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Full text of "Diseases Of The Nose Throat And Ear"


The natural history of the catarrhal child who presents no factors such as
recurrent tonsillitis, otitis media or bronchial trouble requiring a specific
form of treatment is one of slow improvement. The symptoms are at their
height when the child goes to school, either when the town child goes to
nursery school or when the country child, reared perhaps in isolation on a
farm, goes to primary school at which he first comes into close contact with
numbers of other children. Absences are frequent in the first year at school
and, again provided that infected tonsils or middle ears do not develop, the
natural sequence of events is for the child to develop his own immunity, if he
is allowed to do so, and he may well outgrow these infections by the time he
reaches the age of 8 or 9 years.

There are many children who do not pursue this course which is relatively
benign in spite of frequent absences from school. Such children develop
recurring infections of lymphoid tissue of the pharynx and nasopharynx, when
their illnesses become more serious. They have frequent attacks of follicular
tonsillitis, or of acute or chronic otitis media. Some develop bronchitis at an
early age and a proportion of these may degenerate into bronchiectasis. In
this group treatment must be positive rather than expectant because such
children may be sowing the seeds of ill-health later in life.

Lastly there is the allergic group who may progress from infantile eczema
to allergic rhinitis perhaps with exacerbations of hay fever at the pollinating
season and so to asthma. Many of these children appear to grow out of their
allergy when the eczema finally heals, but an appreciable percentage persist
with nasal catarrh and stuffiness, so that their allergens should be sought for
and, where possible, avoided or treated.

TREATMENT. In the early stages this should be medical and hygienic in the
widest sense. Training may have to begin with the parents by teaching them
how to house, feed and look after their children. Early training in nasal
hygiene and nose blowing prevents infected mucopus lying in the child's nose.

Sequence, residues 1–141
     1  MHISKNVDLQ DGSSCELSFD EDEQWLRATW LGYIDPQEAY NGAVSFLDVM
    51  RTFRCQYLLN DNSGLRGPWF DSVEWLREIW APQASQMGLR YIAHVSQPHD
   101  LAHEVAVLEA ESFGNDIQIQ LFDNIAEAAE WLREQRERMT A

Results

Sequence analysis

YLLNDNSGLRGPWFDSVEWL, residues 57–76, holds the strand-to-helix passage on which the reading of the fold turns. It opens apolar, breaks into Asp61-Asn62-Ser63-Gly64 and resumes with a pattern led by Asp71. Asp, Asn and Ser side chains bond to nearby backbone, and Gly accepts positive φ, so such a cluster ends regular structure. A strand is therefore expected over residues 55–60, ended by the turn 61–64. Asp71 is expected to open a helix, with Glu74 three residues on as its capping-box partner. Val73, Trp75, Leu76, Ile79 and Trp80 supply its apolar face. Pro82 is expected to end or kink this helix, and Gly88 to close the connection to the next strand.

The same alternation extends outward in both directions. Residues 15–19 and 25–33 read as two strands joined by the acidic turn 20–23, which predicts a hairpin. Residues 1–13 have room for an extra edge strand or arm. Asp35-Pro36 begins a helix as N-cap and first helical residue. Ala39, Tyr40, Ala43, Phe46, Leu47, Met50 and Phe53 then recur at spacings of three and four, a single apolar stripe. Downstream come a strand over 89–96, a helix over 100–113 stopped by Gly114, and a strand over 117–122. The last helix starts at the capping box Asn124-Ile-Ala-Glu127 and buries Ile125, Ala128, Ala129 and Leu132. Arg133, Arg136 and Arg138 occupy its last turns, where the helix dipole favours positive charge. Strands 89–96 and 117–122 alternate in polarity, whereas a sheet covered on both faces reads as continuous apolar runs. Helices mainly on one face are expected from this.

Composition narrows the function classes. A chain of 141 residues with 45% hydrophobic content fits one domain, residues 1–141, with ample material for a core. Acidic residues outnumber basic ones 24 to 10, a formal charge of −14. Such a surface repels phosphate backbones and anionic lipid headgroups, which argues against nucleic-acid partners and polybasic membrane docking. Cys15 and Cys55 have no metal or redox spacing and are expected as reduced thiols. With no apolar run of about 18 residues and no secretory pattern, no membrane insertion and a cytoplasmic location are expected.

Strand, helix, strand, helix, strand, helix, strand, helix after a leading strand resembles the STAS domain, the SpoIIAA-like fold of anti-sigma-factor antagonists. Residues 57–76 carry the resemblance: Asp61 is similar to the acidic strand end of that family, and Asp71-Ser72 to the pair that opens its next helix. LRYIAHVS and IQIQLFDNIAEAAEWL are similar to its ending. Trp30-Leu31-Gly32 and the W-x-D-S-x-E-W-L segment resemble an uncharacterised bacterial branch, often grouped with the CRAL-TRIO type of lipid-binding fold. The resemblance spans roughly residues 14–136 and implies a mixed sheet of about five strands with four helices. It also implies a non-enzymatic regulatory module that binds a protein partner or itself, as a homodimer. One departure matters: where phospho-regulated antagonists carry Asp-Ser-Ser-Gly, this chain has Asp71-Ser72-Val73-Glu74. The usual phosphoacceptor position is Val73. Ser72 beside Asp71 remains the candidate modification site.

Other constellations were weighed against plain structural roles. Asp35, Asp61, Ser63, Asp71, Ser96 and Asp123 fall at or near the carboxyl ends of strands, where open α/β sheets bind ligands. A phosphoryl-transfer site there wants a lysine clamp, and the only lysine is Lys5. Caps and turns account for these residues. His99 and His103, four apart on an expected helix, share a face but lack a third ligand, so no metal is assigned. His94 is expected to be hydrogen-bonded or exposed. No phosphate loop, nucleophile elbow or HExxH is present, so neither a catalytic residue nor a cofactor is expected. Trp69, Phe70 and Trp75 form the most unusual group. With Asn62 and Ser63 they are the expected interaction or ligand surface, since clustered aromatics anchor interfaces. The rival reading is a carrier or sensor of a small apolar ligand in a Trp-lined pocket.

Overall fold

No hard-and-fast rules can be laid down for the timing of this, but when a
child goes to school he should be capable of blowing his own nose, and should
be aware of when this is required. Yet it is not uncommon to give a child a
swab and ask him to blow his nose in the outpatient department only to find
that a 9-year-old has no idea of what this means. Mucopus lying in the child's
nose obstructs air entry into and drainage from the nasal sinuses. Simple nose
breathing exercises allow the nasal mucosa a chance tcsrecover its normal
function. Nasal mucus, containing the bactericidal lysozyme, and the ciliated
epithelium are the best natural defences a child has against infection. If they
are aided by good home conditions and a well-balanced diet with plenty of
vitamins the child's natural resistance to disease will be greatly strengthened.

Antibiotics should be reserved for serious infections, and not prescribed
for the common cold. Certain children, however, may require antibiotic
therapy for any acute infection, and among these are sufferers from muco-
viscidosis or children with congenital cardiac lesions. Some susceptible
children may be given a long-term course of antibiotic therapy under the
supervision of the paediatrician.

Children with nasal allergy may be treated with antihistamines and by
nasal drops of 0-5 per cent ephedrine hydrochloride in normal saline, reserving
corticosteroids either in nasal sprays or by mouth for the established cases of
bronchospasm. Many children combine a basic atopy with a mild chronic